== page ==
Removing a paper from a conference (online) after it is published

posted
20-Sep-16, 10:48
edited about 46 seconds later
by battler
Avatar for battler
posted about 3 years ago
Is it possible to have a paper removed from online proceedings after it has been published and the conference taken place? The basis is, that I did not consent (nor was it sought) that the paper be published. It was not even presented but still published. Do I have to take the legal route? All I want is the paper removed from the online repository. Anyone ever seen this happen, anywhere?
posted
20-Sep-16, 13:26
by Hugh
Avatar for Hugh
posted about 3 years ago
Quote From battler:
Is it possible to have a paper removed from online proceedings after it has been published and the conference taken place? The basis is, that I did not consent (nor was it sought) that the paper be published. It was not even presented but still published. Do I have to take the legal route? All I want is the paper removed from the online repository. Anyone ever seen this happen, anywhere?


First step would be just politely ask them to remove it. Don't give a reason. Just ask for it to be removed. If they refuse, then you can argue that you did not consent to it. I'm sure they will happily remove it.
posted
20-Sep-16, 22:10
edited about 19 seconds later
Avatar for Thesisfun
posted about 3 years ago
Agree with first step above.

Key question is what terms and conditions did you agree to when submitting! Who now owns the copyright?
posted
20-Nov-16, 00:41
edited about 8 seconds later
by battler
Avatar for battler
posted about 3 years ago
sorry for the absence. it appears that I will now need to do this.

@Hugh, that is probably what I was going to do. email the organisers of the conference and request them to remove it (but i believe I would need to give a reason out of courtesy, and they certainly wouldn't remove a paper just because i said so, given the situation described below). if they don't comply, i might need to get a lawyer involved. if anyone knows of a US based lawyer that might be suitable and experienced with this kind of thing plz PM me.

@Thesisfun, the issue I have is that I personally did not agree to, or see any conditions when submitting (because I didnt submit the paper). I believe the conference only requires one signature and that person is responsible for having the consent of all submitting authors. I believe normally this is the normally the first author, but in this case it was the 2nd, my supervisor. My supervisor was also program chair and is heavily involved with, and has a history at the conference. This would be why my supervisor believed they could 'get away with it'.

Just to add, the paper actually wasn't even presented at the conference but somehow managed to remain in the proceedings. Despite being told that this is not what is normally done.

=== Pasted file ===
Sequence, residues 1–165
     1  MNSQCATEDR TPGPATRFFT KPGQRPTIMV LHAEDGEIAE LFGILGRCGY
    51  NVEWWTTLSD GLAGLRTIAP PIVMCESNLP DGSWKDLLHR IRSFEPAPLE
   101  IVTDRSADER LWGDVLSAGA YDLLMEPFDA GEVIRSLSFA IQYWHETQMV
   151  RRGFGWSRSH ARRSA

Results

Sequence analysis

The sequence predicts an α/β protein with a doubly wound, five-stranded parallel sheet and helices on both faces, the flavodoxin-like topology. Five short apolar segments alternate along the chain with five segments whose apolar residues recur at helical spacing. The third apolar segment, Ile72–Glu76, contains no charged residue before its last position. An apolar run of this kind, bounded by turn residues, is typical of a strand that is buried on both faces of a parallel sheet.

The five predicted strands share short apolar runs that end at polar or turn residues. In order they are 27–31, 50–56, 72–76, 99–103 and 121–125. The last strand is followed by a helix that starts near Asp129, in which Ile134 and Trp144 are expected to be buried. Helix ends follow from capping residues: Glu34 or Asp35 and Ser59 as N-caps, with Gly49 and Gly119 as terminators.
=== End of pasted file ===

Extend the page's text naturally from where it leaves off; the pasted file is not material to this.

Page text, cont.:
posted
20-Nov-16, 23:55
Avatar for bewildered
posted about 3 years ago
I'm assuming that you've already fallen out beyond repair with your supervisor? If not, employing a lawyer seems the fastest way to make that happen. Which if you are in the US will almost certainly have professional consequences for you, given the importance they seem to place on the letter of recommendation from your supervisor for job applications. I'd be careful not to torpedo your career in anger. And are you sure that there are no emails that you forgot to reply to, suggesting submitting the paper that your supervisor could produce as proof of assumed consent or anything like that?
Normally graduate students are quite pleased to get a publication. What's so bad about the paper being published in this place? Is the conference so poor that it's a minus rather than a plus for your cv? I'm not in a field that does conference proceeding but I know for comp sci for instance that a conference proceeding can be a good publication. Or have you found a bad error or something like that? If it's the latter getting your supervisor (given the professional embarrassment for him/her too) to negotiate replacing it with a corrected version might be a better path.
posted
22-Nov-16, 04:23
by pm133
Avatar for pm133
posted about 3 years ago
Quote From battler:
Is it possible to have a paper removed from online proceedings after it has been published and the conference taken place? The basis is, that I did not consent (nor was it sought) that the paper be published. It was not even presented but still published. Do I have to take the legal route? All I want is the paper removed from the online repository. Anyone ever seen this happen, anywhere?


Are you seriously suggesting you want to take legal action just because you werent personally asked before it was published?
What is the real reason for you being angry about this particular incident?
posted
22-Nov-16, 13:09
edited about 6 seconds later
by Ephiny
Avatar for Ephiny
posted about 3 years ago
When you say the paper was published without your consent, do you mean your supervisor submitted your work without your name on it, e.g. they have plagiarised? If so I would think your university would have procedures for serious misconduct like that, so it might be better to speak to someone there before engaging a lawyer at your own expense?

If your name was on it, this seems a bit of an over-reaction -- especially if you would have consented if you had been asked, and are just so angry about not being asked that you're prepared to throw away a publication credit you would otherwise have wanted. Losing the publication will probably hurt your career more than your supervisor's (as will taking legal action against them).

Postgraduate
Forum

Copyright ©2018
All rights reserved

Postgraduate Forum

Masters Degrees

PhD Opportunities

PostgraduateForum is a trading name of FindAUniversity Ltd
FindAUniversity Ltd, 77 Sidney St, Sheffield, S1 4RG, UK. Tel +44 (0) 114 268 4940 Fax: +44 (0) 114 268 5766